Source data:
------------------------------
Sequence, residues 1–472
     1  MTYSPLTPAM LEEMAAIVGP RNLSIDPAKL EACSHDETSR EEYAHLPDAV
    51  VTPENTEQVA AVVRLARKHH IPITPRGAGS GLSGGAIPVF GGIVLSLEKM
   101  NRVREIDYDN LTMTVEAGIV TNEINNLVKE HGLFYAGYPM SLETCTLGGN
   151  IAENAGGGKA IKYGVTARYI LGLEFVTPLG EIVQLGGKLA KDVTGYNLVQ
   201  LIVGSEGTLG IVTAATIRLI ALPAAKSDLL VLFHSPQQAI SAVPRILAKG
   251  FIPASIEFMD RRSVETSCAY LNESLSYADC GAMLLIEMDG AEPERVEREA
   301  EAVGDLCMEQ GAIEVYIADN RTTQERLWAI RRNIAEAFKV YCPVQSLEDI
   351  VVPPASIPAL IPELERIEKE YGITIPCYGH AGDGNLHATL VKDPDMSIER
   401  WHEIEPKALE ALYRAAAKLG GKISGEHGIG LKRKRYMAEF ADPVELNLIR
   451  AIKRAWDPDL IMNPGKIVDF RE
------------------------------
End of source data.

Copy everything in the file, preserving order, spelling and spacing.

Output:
Sequence, residues 1–472
     1  MTYSPLTPAM LEEMAAIVGP RNLSIDPAKL EACSHDETSR EEYAHLPDAV
    51  VTPENTEQVA AVVRLARKHH IPITPRGAGS GLSGGAIPVF GGIVLSLEKM
   101  NRVREIDYDN LTMTVEAGIV TNEINNLVKE HGLFYAGYPM SLETCTLGGN
   151  IAENAGGGKA IKYGVTARYI LGLEFVTPLG EIVQLGGKLA KDVTGYNLVQ
   201  LIVGSEGTLG IVTAATIRLI ALPAAKSDLL VLFHSPQQAI SAVPRILAKG
   251  FIPASIEFMD RRSVETSCAY LNESLSYADC GAMLLIEMDG AEPERVEREA
   301  EAVGDLCMEQ GAIEVYIADN RTTQERLWAI RRNIAEAFKV YCPVQSLEDI
   351  VVPPASIPAL IPELERIEKE YGITIPCYGH AGDGNLHATL VKDPDMSIER
   401  WHEIEPKALE ALYRAAAKLG GKISGEHGIG LKRKRYMAEF ADPVELNLIR
   451  AIKRAWDPDL IMNPGKIVDF RE